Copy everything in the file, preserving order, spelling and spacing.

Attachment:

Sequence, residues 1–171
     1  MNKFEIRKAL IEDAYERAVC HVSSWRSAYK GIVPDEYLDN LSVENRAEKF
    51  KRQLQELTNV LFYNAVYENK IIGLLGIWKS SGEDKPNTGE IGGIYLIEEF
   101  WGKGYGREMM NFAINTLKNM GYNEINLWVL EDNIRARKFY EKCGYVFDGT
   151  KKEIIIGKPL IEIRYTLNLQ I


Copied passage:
Sequence, residues 1–171
     1  MNKFEIRKAL IEDAYERAVC HVSSWRSAYK GIVPDEYLDN LSVENRAEKF
    51  KRQLQELTNV LFYNAVYENK IIGLLGIWKS SGEDKPNTGE IGGIYLIEEF
   101  WGKGYGREMM NFAINTLKNM GYNEINLWVL EDNIRARKFY EKCGYVFDGT
   151  KKEIIIGKPL IEIRYTLNLQ I